My Irish friend Sarah recently wrote a post about a trip to the USA, and the stark difference between customer service in Ireland and stateside:
In Ireland, no matter what shop you go into, the main purpose of the assistants is to make clear that you neednÃ¢â‚¬â„¢t think you are any better than them just because they are on the other side of the counter. Refusal to make eye contact, flinging change on the counter (or managing to put it in your hand without looking at you which takes considerable effort) grumpily announcing that all sizes are on display and consciously avoiding oneÃ¢â‚¬â„¢s attempt to attract attention.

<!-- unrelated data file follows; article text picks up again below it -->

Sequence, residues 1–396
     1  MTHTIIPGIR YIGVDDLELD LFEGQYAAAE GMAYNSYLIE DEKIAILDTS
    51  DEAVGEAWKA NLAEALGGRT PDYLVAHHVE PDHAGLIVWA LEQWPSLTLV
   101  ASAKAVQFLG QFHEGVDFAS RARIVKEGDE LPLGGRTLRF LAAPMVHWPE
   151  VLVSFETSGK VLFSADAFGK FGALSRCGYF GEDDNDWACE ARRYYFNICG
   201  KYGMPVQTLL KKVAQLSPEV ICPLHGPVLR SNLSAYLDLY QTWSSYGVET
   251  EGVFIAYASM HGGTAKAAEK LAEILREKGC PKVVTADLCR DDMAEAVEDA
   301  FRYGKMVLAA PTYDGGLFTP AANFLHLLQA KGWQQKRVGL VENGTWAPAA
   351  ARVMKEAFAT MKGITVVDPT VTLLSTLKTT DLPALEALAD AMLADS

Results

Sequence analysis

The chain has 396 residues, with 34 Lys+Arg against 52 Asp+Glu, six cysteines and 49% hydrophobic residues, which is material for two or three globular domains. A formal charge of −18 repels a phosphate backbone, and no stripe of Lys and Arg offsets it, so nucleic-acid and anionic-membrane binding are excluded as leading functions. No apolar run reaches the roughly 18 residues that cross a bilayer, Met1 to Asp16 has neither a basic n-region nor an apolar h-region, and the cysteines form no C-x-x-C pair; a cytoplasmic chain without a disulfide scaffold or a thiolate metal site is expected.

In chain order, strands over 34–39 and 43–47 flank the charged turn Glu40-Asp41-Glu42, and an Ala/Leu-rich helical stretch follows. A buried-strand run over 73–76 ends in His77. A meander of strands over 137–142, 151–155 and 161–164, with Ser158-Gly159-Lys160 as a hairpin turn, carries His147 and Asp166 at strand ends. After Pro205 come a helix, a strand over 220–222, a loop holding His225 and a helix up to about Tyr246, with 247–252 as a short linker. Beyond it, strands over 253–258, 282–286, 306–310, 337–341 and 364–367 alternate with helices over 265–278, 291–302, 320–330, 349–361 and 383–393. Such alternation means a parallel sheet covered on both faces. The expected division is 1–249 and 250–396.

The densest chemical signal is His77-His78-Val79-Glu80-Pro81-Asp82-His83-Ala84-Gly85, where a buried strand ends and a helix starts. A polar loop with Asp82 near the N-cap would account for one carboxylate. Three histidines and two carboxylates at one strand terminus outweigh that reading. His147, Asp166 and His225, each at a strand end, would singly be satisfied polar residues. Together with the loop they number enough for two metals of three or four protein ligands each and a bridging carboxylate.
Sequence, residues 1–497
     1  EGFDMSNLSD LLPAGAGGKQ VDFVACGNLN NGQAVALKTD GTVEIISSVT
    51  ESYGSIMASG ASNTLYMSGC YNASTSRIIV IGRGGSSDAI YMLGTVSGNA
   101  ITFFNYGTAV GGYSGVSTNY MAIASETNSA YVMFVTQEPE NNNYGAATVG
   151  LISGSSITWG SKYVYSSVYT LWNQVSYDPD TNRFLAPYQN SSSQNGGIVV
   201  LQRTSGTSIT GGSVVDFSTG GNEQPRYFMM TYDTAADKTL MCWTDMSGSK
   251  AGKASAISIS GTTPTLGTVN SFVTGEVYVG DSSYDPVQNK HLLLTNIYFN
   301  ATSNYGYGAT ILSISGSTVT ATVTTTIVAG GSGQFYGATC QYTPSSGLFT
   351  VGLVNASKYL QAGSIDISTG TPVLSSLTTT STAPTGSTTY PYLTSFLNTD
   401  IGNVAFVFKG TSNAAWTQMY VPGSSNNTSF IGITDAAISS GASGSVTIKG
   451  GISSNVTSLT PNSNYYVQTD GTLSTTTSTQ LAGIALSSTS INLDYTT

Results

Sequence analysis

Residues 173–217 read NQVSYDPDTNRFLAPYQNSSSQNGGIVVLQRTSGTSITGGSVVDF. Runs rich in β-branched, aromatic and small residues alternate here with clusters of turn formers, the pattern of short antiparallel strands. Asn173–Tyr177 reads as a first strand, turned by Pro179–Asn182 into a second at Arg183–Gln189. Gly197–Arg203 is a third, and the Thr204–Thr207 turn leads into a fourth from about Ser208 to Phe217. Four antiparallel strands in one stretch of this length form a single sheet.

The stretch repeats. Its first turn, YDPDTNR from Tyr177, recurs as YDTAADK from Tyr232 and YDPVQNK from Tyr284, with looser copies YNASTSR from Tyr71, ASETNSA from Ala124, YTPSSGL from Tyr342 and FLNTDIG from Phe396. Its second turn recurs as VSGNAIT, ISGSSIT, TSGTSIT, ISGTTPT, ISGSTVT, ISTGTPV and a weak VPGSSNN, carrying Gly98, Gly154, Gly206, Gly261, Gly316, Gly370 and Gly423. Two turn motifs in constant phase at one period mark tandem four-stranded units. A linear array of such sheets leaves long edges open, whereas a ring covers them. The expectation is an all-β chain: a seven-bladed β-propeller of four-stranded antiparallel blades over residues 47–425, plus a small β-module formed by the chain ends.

The Irish folks in the comment thread unilaterally agree. All of my Irish friends would regularly complain about the service in Ireland. They sometimes found the service in North America a little ingenuine, but they preferred too much help to not enough.
There’s tangible evidence of this attitude implicit in the way Irish clerks greet you in many shops. They say “are you okay, there?” I never really knew what the correct answer to that question was. If I needed assistance, I think I was supposed to say “no”, as in “I’m not okay, I need your help finding hot pants”, or whatever.
The subtext of “are you okay, there?” is, of course, “do I actually have to deign to do my job and help you?”
I asked several Irish people why there’s such a lousy attitude in the service industry. Nobody gave me a satisfactory answer.